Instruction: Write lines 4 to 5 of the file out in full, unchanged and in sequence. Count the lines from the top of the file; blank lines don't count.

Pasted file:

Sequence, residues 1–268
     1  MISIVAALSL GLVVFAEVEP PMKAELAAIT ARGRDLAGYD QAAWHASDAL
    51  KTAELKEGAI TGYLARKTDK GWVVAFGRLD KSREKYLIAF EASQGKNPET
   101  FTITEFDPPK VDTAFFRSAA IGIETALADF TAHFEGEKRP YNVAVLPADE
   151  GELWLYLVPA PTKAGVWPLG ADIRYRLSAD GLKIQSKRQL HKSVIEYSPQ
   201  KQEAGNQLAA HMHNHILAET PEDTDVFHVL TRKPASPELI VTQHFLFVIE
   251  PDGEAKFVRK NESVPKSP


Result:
   101  FTITEFDPPK VDTAFFRSAA IGIETALADF TAHFEGEKRP YNVAVLPADE
   151  GELWLYLVPA PTKAGVWPLG ADIRYRLSAD GLKIQSKRQL HKSVIEYSPQ